Friday, March 21, 2008

On the coffee table – Marching toward Hell

Thinking of reading Michael Scheuer’s new book, “Marching toward Hell”? Don’t.

Here’s why:

Scheuer comes off as a Tridentine Catholic for whom half the world ended at Worms, 1521, and the rest on a Paris tennis court in 1789. Or else, as though he had just stepped out of the receiving line at a soiree for Andrew Jackson’s first inauguration. Think of Pat Buchanan as a career CIA agent, perhaps.

As for any plaudits for Scheuer’s alleged Realpolitik, this is not Realpolitik but rather Scheuer’s schizophrenic distortion of that.

From questioning our relationship to Israel to analyzing just how broad our professional class’ ignorance of the Muslim world is, one can find actual Realpolitik in new books. Mearsheimer and Walt admirably cover what’s wrong with our one-way relationship with Israel, while Robert Fisk, though not a current or former intelligence agent, gives a wonderful journalist’s insight on today’s Arab “street.” I suspect that another retired or soon-to-retire CIA agent has done (if I don’t know about it), or will do, better on the intelligence insider information part of Realpolitick.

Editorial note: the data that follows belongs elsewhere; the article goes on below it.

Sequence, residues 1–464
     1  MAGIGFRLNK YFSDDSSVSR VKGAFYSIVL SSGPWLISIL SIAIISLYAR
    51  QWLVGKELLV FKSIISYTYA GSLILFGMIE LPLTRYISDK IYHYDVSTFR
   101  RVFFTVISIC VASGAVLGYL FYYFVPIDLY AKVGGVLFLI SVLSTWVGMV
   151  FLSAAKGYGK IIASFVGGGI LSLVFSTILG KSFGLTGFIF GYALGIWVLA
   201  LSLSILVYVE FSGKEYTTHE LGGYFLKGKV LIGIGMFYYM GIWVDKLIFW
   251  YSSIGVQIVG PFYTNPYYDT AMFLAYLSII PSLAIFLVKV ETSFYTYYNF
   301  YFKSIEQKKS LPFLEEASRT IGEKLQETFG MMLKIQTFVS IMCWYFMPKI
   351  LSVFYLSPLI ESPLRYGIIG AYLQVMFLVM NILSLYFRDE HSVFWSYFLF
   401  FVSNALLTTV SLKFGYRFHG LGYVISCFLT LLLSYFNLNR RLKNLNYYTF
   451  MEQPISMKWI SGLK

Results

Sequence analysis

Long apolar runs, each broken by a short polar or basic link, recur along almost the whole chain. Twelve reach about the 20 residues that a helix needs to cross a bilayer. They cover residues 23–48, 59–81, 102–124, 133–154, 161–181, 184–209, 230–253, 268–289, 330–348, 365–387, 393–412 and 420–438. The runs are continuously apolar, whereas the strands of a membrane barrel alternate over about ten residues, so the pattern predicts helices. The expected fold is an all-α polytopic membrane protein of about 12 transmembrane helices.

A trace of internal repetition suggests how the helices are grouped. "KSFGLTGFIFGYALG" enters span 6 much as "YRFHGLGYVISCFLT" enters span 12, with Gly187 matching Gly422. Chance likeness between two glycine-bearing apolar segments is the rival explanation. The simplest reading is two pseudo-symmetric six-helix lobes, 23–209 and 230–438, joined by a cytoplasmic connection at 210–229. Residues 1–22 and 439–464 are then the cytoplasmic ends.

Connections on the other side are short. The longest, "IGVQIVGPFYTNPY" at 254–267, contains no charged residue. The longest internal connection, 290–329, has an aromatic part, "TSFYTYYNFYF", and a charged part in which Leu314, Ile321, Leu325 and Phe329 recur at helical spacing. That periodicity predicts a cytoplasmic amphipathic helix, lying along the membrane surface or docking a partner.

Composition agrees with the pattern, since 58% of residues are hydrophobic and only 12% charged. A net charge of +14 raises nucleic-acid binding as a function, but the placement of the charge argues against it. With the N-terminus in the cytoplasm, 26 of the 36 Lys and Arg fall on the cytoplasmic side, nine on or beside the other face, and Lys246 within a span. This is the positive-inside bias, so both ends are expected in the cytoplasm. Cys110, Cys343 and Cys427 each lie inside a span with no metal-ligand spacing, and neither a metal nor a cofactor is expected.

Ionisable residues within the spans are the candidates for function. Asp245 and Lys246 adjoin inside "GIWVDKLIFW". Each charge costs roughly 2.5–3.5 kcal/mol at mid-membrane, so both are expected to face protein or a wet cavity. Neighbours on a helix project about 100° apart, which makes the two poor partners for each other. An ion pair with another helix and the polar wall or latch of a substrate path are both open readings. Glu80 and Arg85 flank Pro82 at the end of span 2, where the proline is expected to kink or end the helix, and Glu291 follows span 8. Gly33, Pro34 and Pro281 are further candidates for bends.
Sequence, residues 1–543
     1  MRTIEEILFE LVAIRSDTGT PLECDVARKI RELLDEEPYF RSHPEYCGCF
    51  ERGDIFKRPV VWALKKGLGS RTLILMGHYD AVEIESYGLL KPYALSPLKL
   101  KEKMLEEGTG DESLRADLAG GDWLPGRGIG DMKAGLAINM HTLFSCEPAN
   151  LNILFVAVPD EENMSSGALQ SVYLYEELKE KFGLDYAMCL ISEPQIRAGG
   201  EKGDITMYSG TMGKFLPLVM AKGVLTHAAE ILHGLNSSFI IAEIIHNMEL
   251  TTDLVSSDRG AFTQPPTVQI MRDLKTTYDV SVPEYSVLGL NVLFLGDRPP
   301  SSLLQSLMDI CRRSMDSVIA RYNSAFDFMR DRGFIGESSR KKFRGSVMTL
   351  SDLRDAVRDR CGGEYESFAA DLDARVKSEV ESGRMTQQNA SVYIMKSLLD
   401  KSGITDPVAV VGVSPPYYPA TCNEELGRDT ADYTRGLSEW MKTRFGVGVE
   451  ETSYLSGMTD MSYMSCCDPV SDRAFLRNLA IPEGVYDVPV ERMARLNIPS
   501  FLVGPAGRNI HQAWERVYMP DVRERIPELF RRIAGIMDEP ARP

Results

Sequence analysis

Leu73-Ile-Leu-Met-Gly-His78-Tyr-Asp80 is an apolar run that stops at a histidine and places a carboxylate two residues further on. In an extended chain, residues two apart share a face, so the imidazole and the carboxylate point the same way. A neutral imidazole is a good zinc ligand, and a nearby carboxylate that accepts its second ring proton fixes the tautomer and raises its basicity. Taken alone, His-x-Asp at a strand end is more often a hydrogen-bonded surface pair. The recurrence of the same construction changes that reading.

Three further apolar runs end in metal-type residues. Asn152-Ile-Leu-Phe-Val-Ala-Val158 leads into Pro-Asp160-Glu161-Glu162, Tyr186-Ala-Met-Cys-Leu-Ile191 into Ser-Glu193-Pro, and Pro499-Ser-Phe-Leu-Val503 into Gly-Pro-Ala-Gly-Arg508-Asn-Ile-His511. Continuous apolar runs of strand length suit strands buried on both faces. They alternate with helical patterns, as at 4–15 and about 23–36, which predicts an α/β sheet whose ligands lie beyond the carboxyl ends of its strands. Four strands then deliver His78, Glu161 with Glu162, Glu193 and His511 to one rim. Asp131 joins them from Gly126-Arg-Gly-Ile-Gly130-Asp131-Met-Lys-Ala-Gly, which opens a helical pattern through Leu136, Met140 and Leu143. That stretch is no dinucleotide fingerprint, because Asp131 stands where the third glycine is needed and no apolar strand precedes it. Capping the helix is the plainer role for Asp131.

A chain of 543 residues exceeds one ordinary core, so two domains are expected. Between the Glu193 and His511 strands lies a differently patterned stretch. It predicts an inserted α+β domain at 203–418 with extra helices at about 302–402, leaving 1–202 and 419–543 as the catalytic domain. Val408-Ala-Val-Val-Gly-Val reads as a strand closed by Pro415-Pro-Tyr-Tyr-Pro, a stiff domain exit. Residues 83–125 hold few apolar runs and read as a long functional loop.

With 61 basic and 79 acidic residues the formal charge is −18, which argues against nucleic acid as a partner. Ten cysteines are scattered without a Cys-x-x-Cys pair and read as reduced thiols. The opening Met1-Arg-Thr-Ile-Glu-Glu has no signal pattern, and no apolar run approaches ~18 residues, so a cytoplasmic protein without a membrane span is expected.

And, even in Realpolitik, he often gets it wrong, such as his call to have annihilated Iraq in the Gulf War.

1. He puts Reagan on an undeserved pedestal for “toppling” the USSR, ignoring that country’s internal fissures while calling Gorbachev a “nuclear gangster”;
2. Openly wonders whether the First Amendment can successfully be extended to the religious liberty of atheists and otherwise generally decries “secularism,” “atheism” and (implied atheist) “European elites”;
3. Repeats the Carter “malaise” myth;
4. Blames “environmental purists” whose “fanaticism” keeps us from having “reasonable and much-needed environmental protections”;
5. Apparently doesn’t believe in a free press, when he talks about “the U.S. military stupidly televised its killing of Muslims” in the Gulf War (I’m unaware of the existence of a Military Channel);
6. Claims humans are hardwired for war, both overstating claims of realistic empirical psychology and making the elemental “is” vs. “ought” mistake David Hume describes;
7. Stereotypes NGOs as “antinationalist organizations”;
8. And, speaking of schizophrenic, can rip a person to shreds on page, then praise them to the heavens the next.

And that’s just in the first third of the book. Think of Pat Buchanan as a career CIA agent and you have the tone of this book about right.

Beyond this, the only bit of insight that he forcefully gets right is that we’ve lost Afghanistan and need to move on.

In short, don’t bother reading this mix of diatribe and canard.